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a reply to: Zaphod58

u want to provide the proof of that claim, cause im looking at the govts own report and its quite abit less then an f-16. i mean just a quick google search will bring up dozens of reports from multiple countries claiming it cant fight at long range at all and even the twin seat version of an f-16 outranges it.
edit on 14-9-2016 by TheScale because: (no reason given)



posted on Sep, 14 2016 @ 06:50 PM
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a reply to: TheScale

Even using official numbers, you're still so wrong it isn't funny. The combat radius of the F-35A is officially listed as "greater than 590 nm". That's with 2 2,000 lb bombs and 2 AIM-120Ds, on internal fuel alone, with no external stores. The combat radius of an F-16C/D, with 2 2,000 lb bombs, 2 AIM-9s, and 1,000 gallon external fuel tanks is 740 nm. Add more weapons, and that drops significantly, down to as low as 340 nm, with three external fuel tanks. If you add external tanks to the F-35A, then that range is going to significantly increase, just as if you remove the external tanks from the F-16, that range is going to significantly decrease.

The F-35 goes 600 nm on internal fuel only, whereas the F-16 requires extra fuel to go 740 nm.
edit on 9/14/2016 by Zaphod58 because: (no reason given)



posted on Sep, 14 2016 @ 07:12 PM
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a reply to: Zaphod58

yes those are close to the numbers im seeing, but they are kinda cherry picked considering the role of an f-16 isnt really as a ground attack craft and thats where they are pulling these numbers from, its main role was as an interceptor but theyve had to reconfigure it due to other issues within the military.
edit on 14-9-2016 by TheScale because: (no reason given)



posted on Sep, 14 2016 @ 07:28 PM
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a reply to: TheScale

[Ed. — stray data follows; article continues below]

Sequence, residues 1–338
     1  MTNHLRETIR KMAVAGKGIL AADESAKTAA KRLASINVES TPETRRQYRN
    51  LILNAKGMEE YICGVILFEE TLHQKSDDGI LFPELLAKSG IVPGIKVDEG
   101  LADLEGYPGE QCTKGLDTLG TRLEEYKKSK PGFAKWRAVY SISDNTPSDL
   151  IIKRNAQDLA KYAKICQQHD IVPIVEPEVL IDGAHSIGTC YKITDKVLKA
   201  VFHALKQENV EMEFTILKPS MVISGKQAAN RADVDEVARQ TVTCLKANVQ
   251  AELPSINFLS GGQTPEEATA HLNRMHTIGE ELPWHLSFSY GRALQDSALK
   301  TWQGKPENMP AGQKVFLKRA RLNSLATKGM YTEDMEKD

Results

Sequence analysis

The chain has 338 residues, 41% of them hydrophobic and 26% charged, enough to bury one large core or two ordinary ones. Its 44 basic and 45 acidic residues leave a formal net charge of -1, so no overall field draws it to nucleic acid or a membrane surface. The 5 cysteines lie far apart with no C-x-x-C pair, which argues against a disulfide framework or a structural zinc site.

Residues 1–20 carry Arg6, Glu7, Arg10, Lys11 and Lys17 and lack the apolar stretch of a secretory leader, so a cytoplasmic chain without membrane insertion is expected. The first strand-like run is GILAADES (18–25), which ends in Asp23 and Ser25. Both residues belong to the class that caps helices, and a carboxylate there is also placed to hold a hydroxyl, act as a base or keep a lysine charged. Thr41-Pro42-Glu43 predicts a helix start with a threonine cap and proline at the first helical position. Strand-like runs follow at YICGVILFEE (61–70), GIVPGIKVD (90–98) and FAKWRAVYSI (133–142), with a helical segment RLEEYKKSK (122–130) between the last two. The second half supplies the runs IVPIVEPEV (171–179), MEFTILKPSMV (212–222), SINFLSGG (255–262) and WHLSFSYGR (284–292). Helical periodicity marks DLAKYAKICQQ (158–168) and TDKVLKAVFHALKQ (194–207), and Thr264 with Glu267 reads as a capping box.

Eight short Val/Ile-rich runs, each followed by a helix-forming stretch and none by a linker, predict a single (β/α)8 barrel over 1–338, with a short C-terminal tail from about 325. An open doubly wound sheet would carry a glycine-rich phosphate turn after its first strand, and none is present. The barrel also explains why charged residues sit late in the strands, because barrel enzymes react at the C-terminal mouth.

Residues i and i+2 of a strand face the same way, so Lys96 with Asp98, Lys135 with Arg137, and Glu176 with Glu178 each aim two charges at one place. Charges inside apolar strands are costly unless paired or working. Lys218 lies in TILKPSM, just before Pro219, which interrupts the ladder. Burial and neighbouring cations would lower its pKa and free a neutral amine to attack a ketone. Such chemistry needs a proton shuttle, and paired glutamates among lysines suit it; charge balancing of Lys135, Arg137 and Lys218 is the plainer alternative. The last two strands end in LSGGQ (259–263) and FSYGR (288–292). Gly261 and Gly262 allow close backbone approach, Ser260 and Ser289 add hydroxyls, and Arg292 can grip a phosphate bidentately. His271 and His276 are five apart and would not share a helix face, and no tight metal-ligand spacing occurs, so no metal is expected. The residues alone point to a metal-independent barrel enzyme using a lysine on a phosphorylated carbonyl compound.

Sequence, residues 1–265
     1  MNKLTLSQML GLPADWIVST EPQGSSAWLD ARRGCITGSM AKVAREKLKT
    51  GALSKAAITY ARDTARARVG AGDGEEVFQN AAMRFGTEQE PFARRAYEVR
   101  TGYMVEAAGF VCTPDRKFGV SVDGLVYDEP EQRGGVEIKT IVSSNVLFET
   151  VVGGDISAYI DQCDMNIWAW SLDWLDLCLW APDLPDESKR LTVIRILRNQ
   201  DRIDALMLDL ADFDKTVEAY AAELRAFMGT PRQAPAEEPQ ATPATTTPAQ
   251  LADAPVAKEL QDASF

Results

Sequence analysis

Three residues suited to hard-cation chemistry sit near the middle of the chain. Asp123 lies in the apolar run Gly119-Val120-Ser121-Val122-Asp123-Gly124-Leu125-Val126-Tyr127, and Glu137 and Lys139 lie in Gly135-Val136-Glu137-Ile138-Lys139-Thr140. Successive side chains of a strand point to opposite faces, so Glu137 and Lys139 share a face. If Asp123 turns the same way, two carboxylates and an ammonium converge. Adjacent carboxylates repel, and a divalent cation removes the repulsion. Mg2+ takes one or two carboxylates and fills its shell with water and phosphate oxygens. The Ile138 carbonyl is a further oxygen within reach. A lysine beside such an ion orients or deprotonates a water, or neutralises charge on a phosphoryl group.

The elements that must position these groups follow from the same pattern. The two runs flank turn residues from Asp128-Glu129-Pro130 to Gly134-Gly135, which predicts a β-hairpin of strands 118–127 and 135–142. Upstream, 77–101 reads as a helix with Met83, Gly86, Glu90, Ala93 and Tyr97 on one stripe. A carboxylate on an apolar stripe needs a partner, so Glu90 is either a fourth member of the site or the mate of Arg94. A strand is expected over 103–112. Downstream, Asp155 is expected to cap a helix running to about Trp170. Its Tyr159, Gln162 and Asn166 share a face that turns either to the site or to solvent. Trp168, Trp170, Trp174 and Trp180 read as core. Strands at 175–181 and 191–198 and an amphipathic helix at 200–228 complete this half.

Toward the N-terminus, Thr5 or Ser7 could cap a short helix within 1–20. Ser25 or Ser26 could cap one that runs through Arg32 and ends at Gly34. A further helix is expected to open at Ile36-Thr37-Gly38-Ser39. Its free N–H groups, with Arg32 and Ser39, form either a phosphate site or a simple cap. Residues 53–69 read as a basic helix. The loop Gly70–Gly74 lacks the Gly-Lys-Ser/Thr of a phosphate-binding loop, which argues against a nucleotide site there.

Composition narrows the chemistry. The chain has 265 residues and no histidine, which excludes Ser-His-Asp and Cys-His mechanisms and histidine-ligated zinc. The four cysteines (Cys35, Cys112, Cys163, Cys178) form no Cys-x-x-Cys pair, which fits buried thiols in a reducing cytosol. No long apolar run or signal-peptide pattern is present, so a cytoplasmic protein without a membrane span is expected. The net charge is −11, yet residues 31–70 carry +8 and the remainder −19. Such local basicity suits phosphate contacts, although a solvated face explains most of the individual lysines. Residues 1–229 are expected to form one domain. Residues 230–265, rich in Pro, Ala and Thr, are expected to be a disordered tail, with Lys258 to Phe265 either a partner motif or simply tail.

It doesn't matter if it's air to air, or air to ground, the combat radius isn't going to be a lot different. The amount of fuel they carry is the same, either way, as is the fuel burn per hour. The role of the F-16 is whatever mission it is performing. It may have been designed as a fighter, but production changes made early allowed for air to ground weapons.
edit on 9/14/2016 by Zaphod58 because: (no reason given)



posted on Sep, 14 2016 @ 07:33 PM
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a reply to: Zaphod58

well just for comparison with external tanks and nothing else on the wings an f-16 will go over 2000 miles. id put the f-35's range with external tanks but cant seem to find any real hard numbers on that. best numbers i can find are pure estimates that put it at about 1800nmiles for the f-35c. its about 300 less for the f-35a, and 600 less for the f-35b. i also should clarify about an earlier post about multirole airframes,. when i mentioned that i didnt mean an aircraft capable of say air to ground and air to air support, i was pointing to how the f-35 airframe is meant to replace a multitude of airframes designed for a singular goal. ie the a-10. when u create something designed to replace those specialized planes u have to make sacrifices to suppoort those other roles. there has never been an airframe in the history of flight that was designed to replace such a wide gamut of airframes. by doing this u end up with something that is maybe just avg at some of its roles. if building a plane for a specific role then u can neglect other areas that dont fit its mission profile and create something that is exceptional at its task.